I recently had my ESR checked and it was 19 (normal 0-15) so I have inflammation somewhere. My Vit D level is ok.

    I am a naturally anxious person and have drunk too much alcohol in my time to quell anxiety and perhaps that is a contributing factor to arthritis. I know it is for bones. I no longer drink alcohol and have stopped coffee.

    This inflammation theory makes so much sense to me. So all I have to do is break a lifetime habit of being stressed as stress apparently causes inflammation too.

    I cannot thank you enough for this post. Loads to work on and it has given me a bit of hope that at the very least my general health should improve if I can reduce inflammation.

    To All the others who have replied,

    Thank you very much for your replies, much appreciated. However, I think we would all agree Alan has set the bar very high with the information he has supplied.

    Louisa
  • phoenixoxo
    phoenixoxo Member Posts: 625
    edited 30. Nov -1, 00:00
    Hi Louisa,

    Sorry I'm a bit late to this :)

    Just a flying visit, one thing to add to all the helpful responses above: for anyone interested in taking fish oil to combat inflammation, check out Arthritis Care's Inspire magazine, page 5, via http://portfolio.cpl.co.uk/inspire/2013-spring/1/

    Aspirin can be rough on the stomach, of course, but a good proton pump inhibitor might help with this. (I'll check with my doc.)

    And many thanks to DD, by the way, for mentioning the magazine on another thread :)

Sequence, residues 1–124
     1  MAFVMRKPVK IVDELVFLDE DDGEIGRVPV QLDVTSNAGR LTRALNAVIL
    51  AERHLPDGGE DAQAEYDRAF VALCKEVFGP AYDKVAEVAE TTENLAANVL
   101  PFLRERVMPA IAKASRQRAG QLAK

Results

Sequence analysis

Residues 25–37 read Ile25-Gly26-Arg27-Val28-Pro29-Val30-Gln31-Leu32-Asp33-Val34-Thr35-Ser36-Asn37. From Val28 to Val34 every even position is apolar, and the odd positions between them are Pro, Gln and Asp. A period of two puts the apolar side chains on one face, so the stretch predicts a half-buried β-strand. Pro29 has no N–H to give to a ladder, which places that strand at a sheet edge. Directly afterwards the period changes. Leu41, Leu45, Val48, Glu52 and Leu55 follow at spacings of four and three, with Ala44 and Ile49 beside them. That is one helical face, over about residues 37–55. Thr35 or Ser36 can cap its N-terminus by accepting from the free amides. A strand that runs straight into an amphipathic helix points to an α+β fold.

Best wishes,
    Phee
  • dreamdaisy
    dreamdaisy Member Posts: 31,520
    edited 30. Nov -1, 00:00
    He certainly has been thorough but there's nowt in there that most of us don't know already. Dont forget we're old hands at this and an inflammation level of 15 is not that wondrously high (I've hit 160 - 170 before now but then that wasn't with osteo, that was an auto-immune form which has a different root). Why did you have your CRP or ESA checked, louisarm? That's not the usual process with OA, even a bruise will bump up the figures.

    Yes, the old 'wear and tear' definition is coming under increasing scrutiny, especially as people in their twenties (or a tad younger ) are starting osteo; given that the general modern diet was based on convenience foods (thank whoever that is now changing) it's hardly surprising that people were lacking in basic vitamins and nutrients. My husband has blasts of gout from time to time and he takes the same anti-inflammatory as me, diclofenac. The difference is his gout clears up, leaving him in peace for months at a time. I know that prurines play a part in triggering gout so we rarely eat pork or turkey now, but he does drink an over-abundance of fruit juice. He doesn't believe that this can cause trouble - he'll find out the hard way. :wink:

    Right, cheffing duties beckon - quiche, new potatoes and sugar snap peas. It's only 25 degrees here, the kitchen needs warming up. :lol: DD
  • lizzieuk1
    lizzieuk1 Member Posts: 302
    edited 30. Nov -1, 00:00
    Glucosamine has been researched and shown to be beneficial at 1500mg + it has also been shown that taking it with chondroitin and msm increases its benefit, I won't go into the detail why its beneficial but Google has plenty of info!